Manitoba

'We wanted to do something special': Winnipeggers run for 24 hours for friend whose husband is battling cancer

Two Winnipeggers ran the equivalent of four marathons each in a 24 hour period during the Run Your Lungs Out even — all to help out a friend whose husband is facing cancer.

Lululemon outlet store transformed into gym as runners took turns on treadmills for Run Your Lungs Out event

The 24-hour Run Your Lungs Out even raised $35,000 for the CancerCare Manitoba Foundation. (Caroline Barghout/CBC)

Two Winnipeggers ran the equivalent of four marathons each in a 24 hour period — all to help out a friend whose husband is facing cancer.

"One of our good friends, Kal, her husband was recently diagnosed with lung cancer so we wanted to do something special," said organizer Jonathan Torchia.

That "something special" was the Run Your Lungs Out event, which started Friday at noon at a clothing store turned into a temporary gym.

Torchia and Junel Malapad came up with the idea 11 weeks ago, to raise money for lung cancer research and awareness. They set up four treadmills at the Lululemon Outlet Collection on Sterling Lyon Parkway and kept them going for 24 hours straight. In that time, they each planned to run 100 miles, while a steady stream of participants took turns on the other two machines.

Organizers Jonathan Torchia and Junel Malapad ran 160 kilometres and 215 kilometres, respectively, on the treadmill in honour of their friend's husband, who was recently diagnosed with Stage 4 lung cancer.

Their friend "Kal" is Winnipeg artist and brush-script creator Kal Barteski.

She was there Saturday morning with her kids to cheer on organizers and the dozens of runners who gave their time and money to take part in the event.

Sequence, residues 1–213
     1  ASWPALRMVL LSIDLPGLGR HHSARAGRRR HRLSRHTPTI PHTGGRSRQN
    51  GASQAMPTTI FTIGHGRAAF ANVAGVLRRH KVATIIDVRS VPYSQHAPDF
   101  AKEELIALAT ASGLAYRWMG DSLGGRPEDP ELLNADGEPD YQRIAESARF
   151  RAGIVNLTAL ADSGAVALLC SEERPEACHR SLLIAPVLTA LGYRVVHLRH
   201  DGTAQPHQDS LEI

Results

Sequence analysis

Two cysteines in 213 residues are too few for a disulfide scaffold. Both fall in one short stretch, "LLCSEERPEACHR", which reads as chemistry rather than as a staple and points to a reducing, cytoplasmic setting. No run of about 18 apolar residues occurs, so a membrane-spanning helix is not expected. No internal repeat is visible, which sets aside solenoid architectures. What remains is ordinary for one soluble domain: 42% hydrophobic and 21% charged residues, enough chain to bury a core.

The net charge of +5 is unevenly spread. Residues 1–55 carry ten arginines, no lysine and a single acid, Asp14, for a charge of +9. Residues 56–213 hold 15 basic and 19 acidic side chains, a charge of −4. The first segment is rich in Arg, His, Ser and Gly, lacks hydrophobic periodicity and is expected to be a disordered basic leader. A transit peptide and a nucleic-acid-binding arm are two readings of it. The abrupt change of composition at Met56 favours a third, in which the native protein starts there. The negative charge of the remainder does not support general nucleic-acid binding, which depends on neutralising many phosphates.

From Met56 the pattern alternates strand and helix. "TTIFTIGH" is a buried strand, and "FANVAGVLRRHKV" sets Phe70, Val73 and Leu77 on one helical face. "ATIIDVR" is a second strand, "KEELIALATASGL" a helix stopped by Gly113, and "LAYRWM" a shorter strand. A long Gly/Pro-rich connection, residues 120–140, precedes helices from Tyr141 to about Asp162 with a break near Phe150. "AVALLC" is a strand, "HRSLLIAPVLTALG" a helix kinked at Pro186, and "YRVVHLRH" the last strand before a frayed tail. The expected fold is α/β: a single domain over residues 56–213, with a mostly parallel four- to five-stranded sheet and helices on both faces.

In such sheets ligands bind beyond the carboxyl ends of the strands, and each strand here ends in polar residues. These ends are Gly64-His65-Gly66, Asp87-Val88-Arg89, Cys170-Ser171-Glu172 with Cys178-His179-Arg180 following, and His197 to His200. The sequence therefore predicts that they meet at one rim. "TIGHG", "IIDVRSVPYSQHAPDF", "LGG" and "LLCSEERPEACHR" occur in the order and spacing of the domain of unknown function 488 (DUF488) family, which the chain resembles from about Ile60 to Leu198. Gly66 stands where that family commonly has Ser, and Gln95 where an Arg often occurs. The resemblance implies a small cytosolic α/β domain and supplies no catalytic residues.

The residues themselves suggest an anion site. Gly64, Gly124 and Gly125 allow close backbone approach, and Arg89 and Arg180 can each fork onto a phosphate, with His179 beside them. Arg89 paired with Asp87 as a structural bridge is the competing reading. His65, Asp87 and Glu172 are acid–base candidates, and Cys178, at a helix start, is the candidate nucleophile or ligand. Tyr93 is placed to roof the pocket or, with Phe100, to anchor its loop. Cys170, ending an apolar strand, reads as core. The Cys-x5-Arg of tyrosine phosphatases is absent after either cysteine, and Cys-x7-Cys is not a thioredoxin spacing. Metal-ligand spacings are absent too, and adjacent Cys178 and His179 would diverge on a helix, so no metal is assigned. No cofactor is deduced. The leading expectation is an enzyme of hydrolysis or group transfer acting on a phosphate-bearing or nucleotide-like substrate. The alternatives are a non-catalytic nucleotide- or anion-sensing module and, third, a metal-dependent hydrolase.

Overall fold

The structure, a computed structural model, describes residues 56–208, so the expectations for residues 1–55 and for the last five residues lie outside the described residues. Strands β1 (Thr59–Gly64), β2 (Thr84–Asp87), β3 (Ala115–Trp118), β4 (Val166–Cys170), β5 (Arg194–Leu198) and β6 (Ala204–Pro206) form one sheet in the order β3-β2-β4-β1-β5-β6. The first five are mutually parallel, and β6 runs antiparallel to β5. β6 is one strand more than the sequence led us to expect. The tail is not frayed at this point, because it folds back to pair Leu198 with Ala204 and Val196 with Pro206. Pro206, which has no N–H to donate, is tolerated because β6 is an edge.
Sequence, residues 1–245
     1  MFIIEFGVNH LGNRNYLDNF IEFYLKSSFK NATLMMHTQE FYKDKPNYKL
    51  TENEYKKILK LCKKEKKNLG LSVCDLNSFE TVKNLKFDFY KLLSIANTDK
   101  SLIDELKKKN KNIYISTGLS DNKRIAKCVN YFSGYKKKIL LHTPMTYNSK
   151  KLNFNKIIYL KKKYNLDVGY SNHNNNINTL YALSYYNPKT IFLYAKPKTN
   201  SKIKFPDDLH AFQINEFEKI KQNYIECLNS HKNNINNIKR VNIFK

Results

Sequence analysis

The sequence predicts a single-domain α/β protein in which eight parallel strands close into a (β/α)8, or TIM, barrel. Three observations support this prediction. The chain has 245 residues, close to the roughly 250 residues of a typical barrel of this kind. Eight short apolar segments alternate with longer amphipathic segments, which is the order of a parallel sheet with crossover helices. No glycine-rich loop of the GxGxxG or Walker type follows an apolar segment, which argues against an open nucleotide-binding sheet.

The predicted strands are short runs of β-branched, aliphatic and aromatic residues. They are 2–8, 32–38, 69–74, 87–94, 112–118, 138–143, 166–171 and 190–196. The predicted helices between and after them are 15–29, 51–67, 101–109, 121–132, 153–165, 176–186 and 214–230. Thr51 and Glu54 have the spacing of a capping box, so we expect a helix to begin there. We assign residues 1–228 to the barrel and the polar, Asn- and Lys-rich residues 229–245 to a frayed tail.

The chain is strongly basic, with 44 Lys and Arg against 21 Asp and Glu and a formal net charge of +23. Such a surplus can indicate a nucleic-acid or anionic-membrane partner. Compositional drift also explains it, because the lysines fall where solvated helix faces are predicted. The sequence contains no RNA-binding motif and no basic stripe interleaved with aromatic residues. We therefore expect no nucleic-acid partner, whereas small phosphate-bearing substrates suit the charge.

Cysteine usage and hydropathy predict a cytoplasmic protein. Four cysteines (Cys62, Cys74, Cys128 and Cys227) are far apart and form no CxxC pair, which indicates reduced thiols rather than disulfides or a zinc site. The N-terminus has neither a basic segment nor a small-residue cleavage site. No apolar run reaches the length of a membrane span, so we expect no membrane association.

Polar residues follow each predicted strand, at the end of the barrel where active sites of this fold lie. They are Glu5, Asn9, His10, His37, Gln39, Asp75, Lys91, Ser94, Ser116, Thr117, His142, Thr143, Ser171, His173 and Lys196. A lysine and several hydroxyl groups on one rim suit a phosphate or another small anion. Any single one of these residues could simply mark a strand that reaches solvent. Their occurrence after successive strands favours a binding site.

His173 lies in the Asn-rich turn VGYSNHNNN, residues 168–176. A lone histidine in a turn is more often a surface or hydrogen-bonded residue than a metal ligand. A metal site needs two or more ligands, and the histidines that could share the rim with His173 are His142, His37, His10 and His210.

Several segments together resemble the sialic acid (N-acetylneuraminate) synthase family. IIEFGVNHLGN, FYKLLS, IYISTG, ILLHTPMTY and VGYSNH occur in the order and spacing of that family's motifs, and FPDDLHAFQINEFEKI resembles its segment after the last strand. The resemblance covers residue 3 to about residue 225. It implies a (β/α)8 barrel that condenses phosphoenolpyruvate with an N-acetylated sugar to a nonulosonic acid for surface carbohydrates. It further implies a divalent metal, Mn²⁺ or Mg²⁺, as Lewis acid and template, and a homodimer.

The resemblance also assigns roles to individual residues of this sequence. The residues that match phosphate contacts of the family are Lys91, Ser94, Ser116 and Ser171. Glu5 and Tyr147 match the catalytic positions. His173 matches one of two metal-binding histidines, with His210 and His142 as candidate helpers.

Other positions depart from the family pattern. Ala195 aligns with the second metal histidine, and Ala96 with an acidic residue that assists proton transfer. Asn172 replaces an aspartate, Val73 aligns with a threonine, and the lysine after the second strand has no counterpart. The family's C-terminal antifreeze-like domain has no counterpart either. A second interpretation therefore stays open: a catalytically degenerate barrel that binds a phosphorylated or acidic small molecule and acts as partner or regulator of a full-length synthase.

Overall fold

Winnipeg artist Kal Barteski wrote a note in her trademark brush script to thank the organizers and volunteers of the Run Your Lungs Out event. (Caroline Barghout/CBC)
Barteski was too emotional to talk, though. Instead, she wrote them a note of encouragement which was displayed on the wall nearby.

"My husband was recently diagnosed with Stage 4 lung cancer and is fighting for his life. So this event is very meaningful to me. Thank-you. Now run," Barteski's note said.

Torchia and Malapad got on their treadmills at noon Friday, and other than a few bathroom breaks, the pair didn't get off until Saturday afternoon.

Malapad and Torchia each finished 160 kilometres — the equivalent of running from downtown Winnipeg to somewhere just past the Manitoba-Ontario border. 

"It's crazy, but yes, we've been on a treadmill since yesterday at noon. A full 24 hours of literally moving on the treadmill," laughed Torchia.

"I'm not exhausted because of the electric energy that people bring to this event," said Malapad.

A crowd of supporters gathered inside the Lululemon Collection Outlet to cheer on runners during the Run Your Lungs Out 24-hour treadmill challenge. (Trevor Lyons/CBC)

"Every half an hour a new person hops onto the treadmill next to me with their own story, and they're so happy to be part of it and I just feed off of their energy."

Both men have their own personal connections with cancer.